ASTORIA, Ore. (AP) — Oregon wildlife officials have proposed new regulations to avoid entangling whales in commercial fishing gear used by the state’s Dungeness crab industry.
The Daily Astorian reports state fishery officials presented recommendations to avoid unwanted whale interactions to the Oregon Fish and Wildlife Commission during a June meeting.
Officials say there were 12 cases of entangled whales as of July 16, half associated with commercial fishing and a third with commercial crabbing.
Fisheries say recommendations include new gear identification tags and equipment cleanup requirements before the season’s end, eliminating a two-week, postseason grace period.
Commercial fishermen say they can clean up earlier, but other changes could be contentious.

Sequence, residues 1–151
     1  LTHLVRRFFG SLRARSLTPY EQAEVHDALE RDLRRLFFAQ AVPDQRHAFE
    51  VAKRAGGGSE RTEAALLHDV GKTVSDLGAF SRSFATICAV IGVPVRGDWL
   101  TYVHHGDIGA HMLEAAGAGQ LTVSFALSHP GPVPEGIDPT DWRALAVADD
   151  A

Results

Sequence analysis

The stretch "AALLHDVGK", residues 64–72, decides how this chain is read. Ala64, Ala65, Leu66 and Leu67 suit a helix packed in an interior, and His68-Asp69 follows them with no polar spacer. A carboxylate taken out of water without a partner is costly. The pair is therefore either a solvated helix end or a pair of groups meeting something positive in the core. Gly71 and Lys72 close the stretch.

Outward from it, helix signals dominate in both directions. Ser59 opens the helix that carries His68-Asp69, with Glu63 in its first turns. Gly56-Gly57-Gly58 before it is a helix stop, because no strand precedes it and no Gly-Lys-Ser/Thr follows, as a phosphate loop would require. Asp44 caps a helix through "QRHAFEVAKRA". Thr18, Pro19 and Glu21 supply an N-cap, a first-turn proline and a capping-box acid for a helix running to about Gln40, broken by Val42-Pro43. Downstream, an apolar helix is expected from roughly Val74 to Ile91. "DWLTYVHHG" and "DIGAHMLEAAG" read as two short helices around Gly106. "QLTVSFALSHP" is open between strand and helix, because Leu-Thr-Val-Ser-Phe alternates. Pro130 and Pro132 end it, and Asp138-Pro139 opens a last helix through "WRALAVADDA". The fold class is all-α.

“Our primary goal is to have gear in Oregon’s waters marked so we can identify which fisheries may be coming into contact with whales,” said Elizabeth Perotti, assistant project leader of Oregon Department of Fish and Wildlife shellfish program. “Right now we’re just in a tracking process of being able to identify which gear may be coming into contact with whales and when.”
Officials say Oregon has also applied for a federal permit allowing fishermen to take a small number of whales each year while fishing.
However, this would not legalize whale hunting. If a whale becomes entangled during commercial fishing, it counts as a take. This permit would allow a prescribed level of incidental takes.
“These regulations will help us make sure that all of Oregon’s fishing gear are marked,” said Perotti, “that will help us better track where and when fishing gear is out in the ocean and in Oregon’s estuaries.”
If approved, the regulations are scheduled to take effect on January 1, 2020.
KOIN 6 News contributed to this report.
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